We're delighted to share our Aunt Nettie with you. She's agreed to answer any questions you might ask about food, its preparation, and even clean-up tips. But we have to prepare you. She just might want to come right over to your house and help you fix dinner.
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Dear Aunt Nettie,
I am 13 and have just turned vegetarian, however I am having a few problems as every Sunday we have a family meal of a Sunday Roast and my mum wants me to still have a big main meal with them but I have no idea what I could have! I also am having trouble finding foods that contain protein as at the moment I am eating mainly cheese.
Please help because it's getting me down and making me reconsider turning vegetarian. What can I get protein from? And what would be a good Sunday meal?
Howdy there Amy,
Well, darlin', I jes come back from a little vacation, so I hope you'll fergive me fer answerin' so late. Fer starters, y'all might want ta read the Vegetarian Basics 101 on our web site. That should help git ya started. Basically, here's what a healthy vegan eats during the day fer a balanced diet: fruits, vegetables, beans, whole grains, nuts, and seeds.
Ya might also want ta read Protein Basics on our web site. Most folks worry too much 'bout protein. Also read The Road to Vegetaria an scroll down past the introduction fer some easy recipe ideas. Look at the Recipe Index, too. I knows I'm givin' y'all lots o' homework, but that's what it takes---lots o' learnin' is important.
Fer protein, ya jes cain't beat them beans--all kinds are mighty speshul. Tofu, soymilk, tempeh, and veggie meats made from soy are all dern good protein. Nuts has good protein, an' whole grains has protein, too. Even fruits n' veggies has protein, tho' not as much as them beans.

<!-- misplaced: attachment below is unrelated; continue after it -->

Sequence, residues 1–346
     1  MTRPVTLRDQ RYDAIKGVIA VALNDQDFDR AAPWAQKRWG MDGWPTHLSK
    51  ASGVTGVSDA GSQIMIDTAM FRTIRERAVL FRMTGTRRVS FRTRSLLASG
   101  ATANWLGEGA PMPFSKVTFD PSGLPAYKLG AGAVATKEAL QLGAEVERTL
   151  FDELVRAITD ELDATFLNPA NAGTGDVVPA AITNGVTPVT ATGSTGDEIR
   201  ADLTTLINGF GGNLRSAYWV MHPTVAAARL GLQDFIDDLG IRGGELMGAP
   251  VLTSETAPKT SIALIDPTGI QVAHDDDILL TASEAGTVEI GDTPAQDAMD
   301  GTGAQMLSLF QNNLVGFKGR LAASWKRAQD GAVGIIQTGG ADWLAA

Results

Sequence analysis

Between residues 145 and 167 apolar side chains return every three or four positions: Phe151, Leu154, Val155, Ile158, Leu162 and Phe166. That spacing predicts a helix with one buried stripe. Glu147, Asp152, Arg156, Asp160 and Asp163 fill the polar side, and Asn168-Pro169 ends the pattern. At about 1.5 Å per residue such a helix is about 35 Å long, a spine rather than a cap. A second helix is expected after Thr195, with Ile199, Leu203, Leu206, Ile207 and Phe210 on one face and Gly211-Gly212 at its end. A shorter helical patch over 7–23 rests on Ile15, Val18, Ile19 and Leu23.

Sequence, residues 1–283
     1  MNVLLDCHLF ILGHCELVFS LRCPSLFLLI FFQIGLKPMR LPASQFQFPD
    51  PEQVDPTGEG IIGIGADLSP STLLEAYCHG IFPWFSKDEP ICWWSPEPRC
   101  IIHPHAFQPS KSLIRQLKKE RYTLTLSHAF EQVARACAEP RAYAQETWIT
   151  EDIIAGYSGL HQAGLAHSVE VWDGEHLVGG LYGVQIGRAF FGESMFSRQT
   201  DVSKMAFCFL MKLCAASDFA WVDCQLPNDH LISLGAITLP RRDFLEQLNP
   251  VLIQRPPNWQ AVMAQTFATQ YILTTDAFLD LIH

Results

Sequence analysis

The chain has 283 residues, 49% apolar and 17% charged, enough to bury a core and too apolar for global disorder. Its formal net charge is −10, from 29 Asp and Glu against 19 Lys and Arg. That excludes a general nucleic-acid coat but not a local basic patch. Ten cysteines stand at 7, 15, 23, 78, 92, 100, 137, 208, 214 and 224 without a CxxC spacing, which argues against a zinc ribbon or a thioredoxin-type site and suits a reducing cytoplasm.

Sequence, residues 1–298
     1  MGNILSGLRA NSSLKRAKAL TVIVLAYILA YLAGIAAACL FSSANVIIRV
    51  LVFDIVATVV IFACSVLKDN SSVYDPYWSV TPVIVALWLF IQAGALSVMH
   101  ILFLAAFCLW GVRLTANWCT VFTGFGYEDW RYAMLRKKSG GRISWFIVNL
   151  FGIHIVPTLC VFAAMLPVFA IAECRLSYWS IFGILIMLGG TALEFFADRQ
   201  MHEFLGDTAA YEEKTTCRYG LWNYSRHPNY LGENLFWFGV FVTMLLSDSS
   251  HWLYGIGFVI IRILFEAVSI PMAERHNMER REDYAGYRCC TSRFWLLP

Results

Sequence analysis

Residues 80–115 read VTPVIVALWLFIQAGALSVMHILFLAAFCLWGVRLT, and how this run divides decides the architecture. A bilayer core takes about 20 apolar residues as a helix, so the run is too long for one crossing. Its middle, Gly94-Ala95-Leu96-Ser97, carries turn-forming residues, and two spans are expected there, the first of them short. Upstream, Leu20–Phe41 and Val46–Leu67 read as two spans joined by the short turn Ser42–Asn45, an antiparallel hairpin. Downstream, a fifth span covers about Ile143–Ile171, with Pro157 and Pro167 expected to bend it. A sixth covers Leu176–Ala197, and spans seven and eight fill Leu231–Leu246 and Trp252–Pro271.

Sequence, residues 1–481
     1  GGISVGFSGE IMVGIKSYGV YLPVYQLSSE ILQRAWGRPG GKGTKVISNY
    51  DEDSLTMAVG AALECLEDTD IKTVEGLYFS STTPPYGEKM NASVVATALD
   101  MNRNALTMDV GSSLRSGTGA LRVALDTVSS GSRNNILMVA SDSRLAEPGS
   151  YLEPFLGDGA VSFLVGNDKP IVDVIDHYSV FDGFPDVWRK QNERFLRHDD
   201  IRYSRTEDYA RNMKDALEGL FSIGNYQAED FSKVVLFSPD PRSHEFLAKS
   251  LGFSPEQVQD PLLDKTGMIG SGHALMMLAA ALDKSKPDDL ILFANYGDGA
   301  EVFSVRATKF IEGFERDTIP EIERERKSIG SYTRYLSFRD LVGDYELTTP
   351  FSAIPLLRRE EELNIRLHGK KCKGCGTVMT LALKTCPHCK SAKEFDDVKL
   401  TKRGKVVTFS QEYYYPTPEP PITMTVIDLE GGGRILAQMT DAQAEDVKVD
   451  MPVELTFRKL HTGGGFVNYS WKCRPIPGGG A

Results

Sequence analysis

On them Sunday Roast days, make yer life real easy by fixin' yerself a big salad with plenty o' dark green lettuce like romaine and chop up a heap o' vegetables.
Then open a can o' beans an' add some to yer salad (but read the label ta make sure there's no animal ingredients). Buy yerself a ready-made vegan dressin' or go to the Recipe Index and choose one you kin make. Ain't none of 'em too hard ta fix in yer own kitchen.
Toast yerself a piece of whole grain bread an spread some ripe avocado on it instead o' butter. Toss some raw nuts into the salad, and finish up with a piece o' fruit.
In that one single meal ya got yer vegetables, fruit, beans, whole grains, an' nuts. Now, mind you don't have to have all them items in one meal all the time. That's jes one of my favorite dinners that don't take too much trouble.
I kin recommend a real fine book that's jes what every vegetarian teen oughter have at home. It's called I'm a Vegetarian; Amazing Facts and Ideas for Healthy Vegetarians by Ellen Schwartz. Y'all might see if yer library has that book. When y'all give it a good lookin' over, ya jes might want ta buy it.
'Nother thing fer more learnin' or if ya cain't git that book 'cause ya lives 'cross the ocean is ta check our Vegparadise Bookshelf in the first section that's called Children and Teens. There's a heap o' books there.
If'n there's a health food market in yer neighborhood, ya jes might want ta take yer Mum an' spend a l'il time ta mosey 'round the aisles and do some label readin'. Land sakes! She might be surprised ta see all them good ole fashioned fixin's in one place.
Well, darlin', I'm hopin' this is encouragin' fer ya. I knows it's tuff ta git started. What I done is put a l'il recipe fer my favorite dinner salad down below. The recipe makes plenty, so yer family kin enjoy some, too.
Yer ever lovin' Aunt Nettie
SUNDAY DINNER SALAD
Aunt Nettie grew up on the farm. She did not eat out of a can or reach into the freezer. There was no microwave to pop her food into. Everything she made was from scratch. All the food she ate was natural, without pesticides. It was grown right there on the family farm, and she had to cook to survive. At eighty-three years young she still leaps and bounds around the kitchen and can shake, rattle, and roll those pots and pans with the best of them.
Nowadays, Aunt Nettie just shakes her head and complains, "Nobody cooks anymore. They have no idea about puttin' a meal together." She's on a mission. She wants to help those younguns eat better so they can grow up healthy like her own eight kids.